For obvious reasons the ISS cannot get cable TV. Can the ISS get the new digital air TV or satellite TV using an issued dish and receiver like a house? How would that be done compared to how it is normally received?
More or less.
While the ISS is below the satellites use for TV transmissions, it is passing by so fast that the coverage will be highly intermittent, meaning that you would be able to watch a channel for only a couple of minutes, have black outs over the oceans, and repeat.
Other notable differences would be:
Normal satellites receiver are "fixed": The dishes don't move. As the ISS is travelling, the antenna will need to move to track the satellites.
The ISS is moving... And it's moving fast! There will be a significant doppler effect; and the receiver will need to account for that (broader spectrum antenna, and shifting the frequency dynamically).
The licensing might be a bit complicated; it's unclear whether space is included in the bundle.
@Antzi's answer is right, but I'll add some context as a supplement.
While Doppler (mentioned there) might or might not be an issue for an off-the-shelf commercial satellite TV box (I don't know) it could probably be fixed with a mod that NASA could easily manage.
Several answers to Do astronauts get Netflix on ISS? indicate that there is access to "new stuff to watch" beyond what content astronauts may bring themselves. This also implies access to other internet content as well.
The real problems with satellite TV at least:
NASA's TDRS satellites are at the same geosynchronous altitude as "TV satellites", and in fact are more "wobbly" (higher inclination) and yet are to the go-to solution for data and comms for the ISS.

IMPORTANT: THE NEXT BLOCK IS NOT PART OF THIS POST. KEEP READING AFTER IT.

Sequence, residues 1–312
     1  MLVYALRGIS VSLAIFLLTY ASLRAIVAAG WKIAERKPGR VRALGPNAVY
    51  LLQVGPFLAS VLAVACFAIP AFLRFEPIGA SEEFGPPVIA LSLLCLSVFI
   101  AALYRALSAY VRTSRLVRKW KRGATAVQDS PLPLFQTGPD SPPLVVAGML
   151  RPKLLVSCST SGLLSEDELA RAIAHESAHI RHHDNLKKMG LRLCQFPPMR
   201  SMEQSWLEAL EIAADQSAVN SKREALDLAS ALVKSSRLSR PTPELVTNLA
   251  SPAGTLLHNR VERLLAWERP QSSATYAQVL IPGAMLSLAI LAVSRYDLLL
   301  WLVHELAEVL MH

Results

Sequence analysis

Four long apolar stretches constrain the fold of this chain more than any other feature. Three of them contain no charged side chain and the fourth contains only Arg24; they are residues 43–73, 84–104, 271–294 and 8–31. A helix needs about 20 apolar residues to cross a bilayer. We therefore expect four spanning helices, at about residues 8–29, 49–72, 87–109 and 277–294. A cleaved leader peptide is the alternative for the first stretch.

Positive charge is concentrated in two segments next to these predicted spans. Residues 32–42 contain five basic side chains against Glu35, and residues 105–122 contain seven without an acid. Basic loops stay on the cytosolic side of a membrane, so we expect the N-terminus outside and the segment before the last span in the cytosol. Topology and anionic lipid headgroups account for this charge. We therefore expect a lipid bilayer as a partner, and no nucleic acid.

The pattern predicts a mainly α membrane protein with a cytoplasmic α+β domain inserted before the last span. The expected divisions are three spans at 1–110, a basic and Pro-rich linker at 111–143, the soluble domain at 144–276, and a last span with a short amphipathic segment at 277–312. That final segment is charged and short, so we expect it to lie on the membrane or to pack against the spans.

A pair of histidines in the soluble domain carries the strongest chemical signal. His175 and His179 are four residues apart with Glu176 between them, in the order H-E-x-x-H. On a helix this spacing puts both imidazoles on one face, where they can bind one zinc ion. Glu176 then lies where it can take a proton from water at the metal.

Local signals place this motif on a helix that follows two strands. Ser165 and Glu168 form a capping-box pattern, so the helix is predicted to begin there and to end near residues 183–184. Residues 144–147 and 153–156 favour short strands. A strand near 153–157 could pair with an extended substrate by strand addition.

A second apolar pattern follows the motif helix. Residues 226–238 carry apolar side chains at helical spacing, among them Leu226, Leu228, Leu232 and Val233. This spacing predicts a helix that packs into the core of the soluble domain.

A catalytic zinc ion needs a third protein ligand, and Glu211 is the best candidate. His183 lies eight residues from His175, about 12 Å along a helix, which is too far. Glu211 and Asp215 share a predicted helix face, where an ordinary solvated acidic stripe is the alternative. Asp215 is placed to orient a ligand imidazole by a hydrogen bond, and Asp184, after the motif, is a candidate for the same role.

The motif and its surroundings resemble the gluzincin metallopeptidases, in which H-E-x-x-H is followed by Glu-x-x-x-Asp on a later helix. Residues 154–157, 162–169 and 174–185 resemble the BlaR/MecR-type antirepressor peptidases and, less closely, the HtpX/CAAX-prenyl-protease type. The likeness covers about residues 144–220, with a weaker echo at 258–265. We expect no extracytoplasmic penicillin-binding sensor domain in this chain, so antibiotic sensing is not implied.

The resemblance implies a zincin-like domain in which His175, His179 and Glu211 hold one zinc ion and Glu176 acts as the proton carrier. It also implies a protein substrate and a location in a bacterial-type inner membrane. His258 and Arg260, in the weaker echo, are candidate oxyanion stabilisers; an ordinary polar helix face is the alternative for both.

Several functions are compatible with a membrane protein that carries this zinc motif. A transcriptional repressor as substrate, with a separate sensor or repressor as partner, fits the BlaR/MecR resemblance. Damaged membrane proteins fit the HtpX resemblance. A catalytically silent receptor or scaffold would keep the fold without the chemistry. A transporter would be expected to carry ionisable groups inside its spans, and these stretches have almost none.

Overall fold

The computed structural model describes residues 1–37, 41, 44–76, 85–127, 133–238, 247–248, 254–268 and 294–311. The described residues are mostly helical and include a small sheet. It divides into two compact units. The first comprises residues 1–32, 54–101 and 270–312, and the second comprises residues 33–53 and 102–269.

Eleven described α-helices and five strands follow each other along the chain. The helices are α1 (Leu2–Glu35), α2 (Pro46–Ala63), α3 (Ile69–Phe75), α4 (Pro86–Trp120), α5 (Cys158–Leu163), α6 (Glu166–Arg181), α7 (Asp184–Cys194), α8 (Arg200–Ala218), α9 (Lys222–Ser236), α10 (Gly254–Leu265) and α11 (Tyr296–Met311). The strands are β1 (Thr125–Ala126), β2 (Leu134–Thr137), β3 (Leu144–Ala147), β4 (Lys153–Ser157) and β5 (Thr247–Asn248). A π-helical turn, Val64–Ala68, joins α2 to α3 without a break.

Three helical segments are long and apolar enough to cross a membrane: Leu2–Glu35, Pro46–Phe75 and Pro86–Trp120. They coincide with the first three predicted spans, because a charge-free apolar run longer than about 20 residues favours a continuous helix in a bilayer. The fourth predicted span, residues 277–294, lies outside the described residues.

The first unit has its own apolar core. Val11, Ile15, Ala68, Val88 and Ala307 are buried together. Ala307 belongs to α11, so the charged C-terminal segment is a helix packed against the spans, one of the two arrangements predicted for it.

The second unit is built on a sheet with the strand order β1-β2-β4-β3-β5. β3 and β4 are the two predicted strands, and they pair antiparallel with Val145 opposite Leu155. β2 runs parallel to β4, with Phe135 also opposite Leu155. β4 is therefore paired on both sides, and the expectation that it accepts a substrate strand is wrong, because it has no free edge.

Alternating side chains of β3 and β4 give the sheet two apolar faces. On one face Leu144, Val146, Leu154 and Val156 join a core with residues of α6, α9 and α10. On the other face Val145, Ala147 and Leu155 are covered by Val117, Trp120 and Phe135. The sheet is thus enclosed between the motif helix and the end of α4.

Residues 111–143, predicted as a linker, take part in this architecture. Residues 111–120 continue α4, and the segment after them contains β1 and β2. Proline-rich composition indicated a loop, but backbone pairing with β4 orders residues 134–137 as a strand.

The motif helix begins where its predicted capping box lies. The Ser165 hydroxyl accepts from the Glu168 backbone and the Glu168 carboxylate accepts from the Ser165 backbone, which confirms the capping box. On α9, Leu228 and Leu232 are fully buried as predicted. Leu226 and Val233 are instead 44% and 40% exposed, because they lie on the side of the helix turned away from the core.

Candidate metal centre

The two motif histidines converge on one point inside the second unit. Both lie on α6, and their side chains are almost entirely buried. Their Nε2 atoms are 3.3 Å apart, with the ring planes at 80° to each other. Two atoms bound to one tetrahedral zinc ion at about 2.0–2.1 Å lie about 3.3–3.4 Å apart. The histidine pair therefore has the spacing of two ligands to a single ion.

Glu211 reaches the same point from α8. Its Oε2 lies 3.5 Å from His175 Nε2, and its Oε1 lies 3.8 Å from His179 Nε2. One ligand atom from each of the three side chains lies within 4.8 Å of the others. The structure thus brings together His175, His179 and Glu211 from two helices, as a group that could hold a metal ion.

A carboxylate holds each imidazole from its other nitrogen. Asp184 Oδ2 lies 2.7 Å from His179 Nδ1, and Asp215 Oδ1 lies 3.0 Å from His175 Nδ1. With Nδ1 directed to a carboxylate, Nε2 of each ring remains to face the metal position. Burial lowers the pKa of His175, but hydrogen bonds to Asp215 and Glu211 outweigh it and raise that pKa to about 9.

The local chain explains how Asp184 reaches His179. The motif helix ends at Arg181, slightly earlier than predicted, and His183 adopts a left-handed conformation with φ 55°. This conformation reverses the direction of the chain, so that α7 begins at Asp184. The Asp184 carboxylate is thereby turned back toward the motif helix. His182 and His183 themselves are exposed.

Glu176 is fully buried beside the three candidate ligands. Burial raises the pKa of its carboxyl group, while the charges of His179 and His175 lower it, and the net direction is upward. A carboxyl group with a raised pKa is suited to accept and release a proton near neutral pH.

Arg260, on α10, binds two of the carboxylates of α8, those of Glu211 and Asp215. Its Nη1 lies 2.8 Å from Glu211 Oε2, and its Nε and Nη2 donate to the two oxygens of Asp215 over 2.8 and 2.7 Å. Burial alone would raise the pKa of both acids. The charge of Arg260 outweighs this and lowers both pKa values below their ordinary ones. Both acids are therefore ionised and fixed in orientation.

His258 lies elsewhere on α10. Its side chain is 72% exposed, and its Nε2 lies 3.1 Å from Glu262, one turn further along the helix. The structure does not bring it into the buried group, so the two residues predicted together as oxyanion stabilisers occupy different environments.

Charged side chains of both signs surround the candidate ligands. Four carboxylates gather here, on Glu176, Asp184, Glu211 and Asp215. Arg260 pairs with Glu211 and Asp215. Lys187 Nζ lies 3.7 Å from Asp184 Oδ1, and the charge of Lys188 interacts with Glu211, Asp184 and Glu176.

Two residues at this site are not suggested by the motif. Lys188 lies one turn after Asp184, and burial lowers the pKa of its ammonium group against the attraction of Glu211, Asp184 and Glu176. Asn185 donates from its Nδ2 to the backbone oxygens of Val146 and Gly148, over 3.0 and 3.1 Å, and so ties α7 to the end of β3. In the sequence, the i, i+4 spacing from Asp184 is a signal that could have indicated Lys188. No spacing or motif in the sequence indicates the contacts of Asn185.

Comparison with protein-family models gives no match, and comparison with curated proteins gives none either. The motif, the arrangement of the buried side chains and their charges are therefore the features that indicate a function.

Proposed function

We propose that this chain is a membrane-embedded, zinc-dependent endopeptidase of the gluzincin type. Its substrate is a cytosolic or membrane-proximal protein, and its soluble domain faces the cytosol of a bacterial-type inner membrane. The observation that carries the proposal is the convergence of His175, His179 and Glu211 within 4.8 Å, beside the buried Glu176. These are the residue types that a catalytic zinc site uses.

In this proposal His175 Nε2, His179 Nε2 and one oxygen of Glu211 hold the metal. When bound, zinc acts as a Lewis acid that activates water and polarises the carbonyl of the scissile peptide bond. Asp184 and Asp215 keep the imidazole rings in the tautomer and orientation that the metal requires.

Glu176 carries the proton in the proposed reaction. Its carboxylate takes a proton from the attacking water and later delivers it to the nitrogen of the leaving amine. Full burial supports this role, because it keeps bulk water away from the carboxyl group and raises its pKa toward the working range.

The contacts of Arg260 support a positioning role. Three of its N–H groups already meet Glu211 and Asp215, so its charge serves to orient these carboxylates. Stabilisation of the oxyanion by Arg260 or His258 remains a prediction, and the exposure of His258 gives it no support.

"TV satellites" in GEO would be regularly eclipsed by the Earth. With a ~90 minute orbit you'd loose line-of-sight communications at irritating moments during 1 hour and many half-hour "shows". For TDRS you just need to slew the dish to the next position since they are clustered in groups distributed around the Earth.
You'll need some more of the expensive articulated dish antennas to constantly track the "TV satellites" as the ISS orbits, as well as another place to put them, and more power and cables to connect them to. See this excellent answer to the question Do antennae on the ISS have to constantly move to maintain data links? There's even a video!
edit: In the future a flat phased array antenna might do the trick nicely (for TV reception) and be cheaper as well as far faster in the "slewing". Still, it's some serious work to connect them.
- Selecting the right TV viewing package (as pointed out in @Antzi's answer) might be a substantial challenge even for NASA. It sounds like a question that the US House of Representatives could spend months investigating.
Can the ISS get the new digital air TV or satellite TV...
As far as Digital over the air TV is concerned, it's the same as old-fashioned TV in that both are transmitted from terrestrial transmitters. Different signals (digital vs analog) and different frequencies, but that's not the point here.
Terrestrial TV is intended to serve a local area around the transmitter, typically 10s of miles, with perhaps 50 to 100 miles possible between a tall transmitter (100s of feet) and a tall "fringe" receiving antenna (maybe 50 ft). Beyond that, you are over the horizon (VHF/UHF is essentially line-of-sight) and signal strength gets pretty weak before you reach the horizon.
The ISS orbits about 400 km above MSL, so line-of-sight is much further - perhaps 1000 miles, but at over 17,000 mph, the ISS would go in and out of a station's line of sight in just a few minutes. Also, TV transmission antennas are designed to emit the strongest signals horizontally to the horizon, not upward into space. That means the ISS will never get very good reception even when in line-of-sight - it will either be very far away or out of the region of strongest signal.
It apparently is possible to watch TV on the ISS. Here is a picture of three astronauts aboard the ISS watching a live transmission of a football game from the FIFA world cup in 2014:
You might notice that they are watching it on a notebook, so it appears to be an Internet live stream, not a satellite broadcast.